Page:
-In a “Dear Colleague” letter, Majority Leader Frist and Judiciary Committee Chairman Specter send Boyle’s explanation of his conflicts of interest to fellow senators. In the letter, Frist and Specter write, “If questions are raised about a nominee, the nominee deserves an opportunity to respond. Speculation and conjecture should not unduly influence the perception of a nominee or the confirmation process. For this reason, we sent Judge Boyle a letter inviting him to address conflict of interest allegations and any other matter that merited further explanation or clarification. In his response, Judge Boyle explains and refutes these allegations and puts them into context. We hope this information is helpful as you further consider his nomination. We look forward to working with you to confirm more qualified judicial nominees to the federal bench during this Congress.”
-Majority Leader Frist responds to questions from radio talk show host Hugh Hewitt on the status of Judge Boyle and another controversial nominee, saying: “They’re both individuals that we’re working on every day. And there have been certain accusations that have been made that our staff and we are working on, and we’ll have to prioritize it accordingly. But in terms of specific dates, I just can’t comment yet.” Frist acknowledges getting pressure to move on Boyle, and says both Republicans and Democrats are holding up his nomination.
-The Hill’s Alex Bolton reports that Manuel Miranda – head of a coalition of conservative groups – plans to pressure Senate Republicans “to circumvent Senate Majority Leader Bill Frist (R-Tenn.) if he does not schedule a vote on 4th Circuit nominee Terrence Boyle before the August recess.” Miranda said that if 16 senators sign a petition on Boyle’s nomination, they could force a floor vote, but he acknowledged it would be hard to do so without Frist’s approval. Meanwhile, Sen. Richard Burr (R-N.C.) has said that the timing of a vote on Boyle is “entirely” up to Frist. According to The Hill, “That has lead some conservatives to conclude more pressure needs to be placed on Frist.”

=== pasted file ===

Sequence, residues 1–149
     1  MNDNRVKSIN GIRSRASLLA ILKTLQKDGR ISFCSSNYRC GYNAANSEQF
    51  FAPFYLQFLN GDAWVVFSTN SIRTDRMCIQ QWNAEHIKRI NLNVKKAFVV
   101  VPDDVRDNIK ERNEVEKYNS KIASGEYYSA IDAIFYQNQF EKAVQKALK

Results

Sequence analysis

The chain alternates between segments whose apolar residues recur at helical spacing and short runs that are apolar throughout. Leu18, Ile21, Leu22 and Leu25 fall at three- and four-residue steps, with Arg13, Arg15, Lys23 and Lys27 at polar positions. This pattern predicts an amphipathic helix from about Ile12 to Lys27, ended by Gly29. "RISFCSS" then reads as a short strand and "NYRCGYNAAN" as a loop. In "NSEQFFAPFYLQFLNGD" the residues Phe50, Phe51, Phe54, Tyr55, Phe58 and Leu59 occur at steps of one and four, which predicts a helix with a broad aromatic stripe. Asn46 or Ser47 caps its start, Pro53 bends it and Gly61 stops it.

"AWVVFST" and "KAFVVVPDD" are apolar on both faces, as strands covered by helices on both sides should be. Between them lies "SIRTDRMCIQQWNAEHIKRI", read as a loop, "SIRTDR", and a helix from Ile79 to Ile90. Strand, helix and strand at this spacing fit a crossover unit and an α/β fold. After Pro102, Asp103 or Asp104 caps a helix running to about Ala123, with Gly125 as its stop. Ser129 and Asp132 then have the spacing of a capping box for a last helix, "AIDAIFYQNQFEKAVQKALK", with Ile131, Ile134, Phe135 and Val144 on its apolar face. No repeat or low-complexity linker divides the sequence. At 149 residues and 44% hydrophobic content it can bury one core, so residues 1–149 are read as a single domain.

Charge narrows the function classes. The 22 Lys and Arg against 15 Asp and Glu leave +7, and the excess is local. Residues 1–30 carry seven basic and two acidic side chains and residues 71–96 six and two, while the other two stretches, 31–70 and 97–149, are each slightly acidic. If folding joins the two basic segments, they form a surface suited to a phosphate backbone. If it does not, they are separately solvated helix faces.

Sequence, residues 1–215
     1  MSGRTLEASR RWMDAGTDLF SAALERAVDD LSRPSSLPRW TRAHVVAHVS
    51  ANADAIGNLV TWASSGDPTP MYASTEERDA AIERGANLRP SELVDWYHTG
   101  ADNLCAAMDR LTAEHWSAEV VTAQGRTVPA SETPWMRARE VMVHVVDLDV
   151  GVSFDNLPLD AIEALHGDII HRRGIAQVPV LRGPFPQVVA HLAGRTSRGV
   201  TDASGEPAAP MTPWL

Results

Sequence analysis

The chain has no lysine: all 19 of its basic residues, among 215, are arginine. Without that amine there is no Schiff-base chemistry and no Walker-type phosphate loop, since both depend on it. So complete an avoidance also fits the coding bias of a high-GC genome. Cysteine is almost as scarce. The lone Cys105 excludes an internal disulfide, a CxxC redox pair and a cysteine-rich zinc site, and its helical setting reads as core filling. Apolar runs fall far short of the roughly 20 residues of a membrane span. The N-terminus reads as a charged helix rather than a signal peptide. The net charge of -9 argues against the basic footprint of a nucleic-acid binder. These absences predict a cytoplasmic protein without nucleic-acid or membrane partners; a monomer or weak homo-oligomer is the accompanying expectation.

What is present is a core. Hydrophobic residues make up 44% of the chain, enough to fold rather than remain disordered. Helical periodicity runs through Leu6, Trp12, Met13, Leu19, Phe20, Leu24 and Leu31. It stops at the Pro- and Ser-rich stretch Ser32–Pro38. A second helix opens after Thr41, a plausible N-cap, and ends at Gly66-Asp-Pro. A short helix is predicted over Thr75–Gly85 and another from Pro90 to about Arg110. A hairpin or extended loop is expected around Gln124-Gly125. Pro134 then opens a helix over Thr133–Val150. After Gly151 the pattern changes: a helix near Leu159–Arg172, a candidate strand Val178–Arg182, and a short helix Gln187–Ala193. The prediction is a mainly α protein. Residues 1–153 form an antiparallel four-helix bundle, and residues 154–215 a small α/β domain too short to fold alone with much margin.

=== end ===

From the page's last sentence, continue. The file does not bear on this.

–A coalition of 80 conservative leaders – including Phyllis Schlafly, Grover Norquist and Alan Keyes – signed a letter to Senate Republicans asking that “you join our members in supporting Judge Boyle’s nomination and vote to confirm Judge Boyle immediately, without any further delay.” The letter goes on to defend Boyle against criticism from law enforcement groups.
-The American Bar Association lowers its rating for Judge Boyle. The ABA committee that rates judicial nominees revoked its unanimous “well qualified” rating. A majority of the ABA committee now rates Boyle “qualified,” while a minority still calls him well qualified, with one abstention.
-One of Boyle’s former clerks, Washington-based attorney Lars Liebeler, attacks Salon and CIR in a letter to the Washington Times. He also asserts that Boyle sold all his Quintiles stock before presiding over a 2001 Quintiles case – and that Boyle’s accountant confirmed this in a letter made available to all senators. Salon later points out this would mean Boyle made errors on two of his financial disclosure filings, where he reported owning Quintiles in 2001 and selling it in 2002.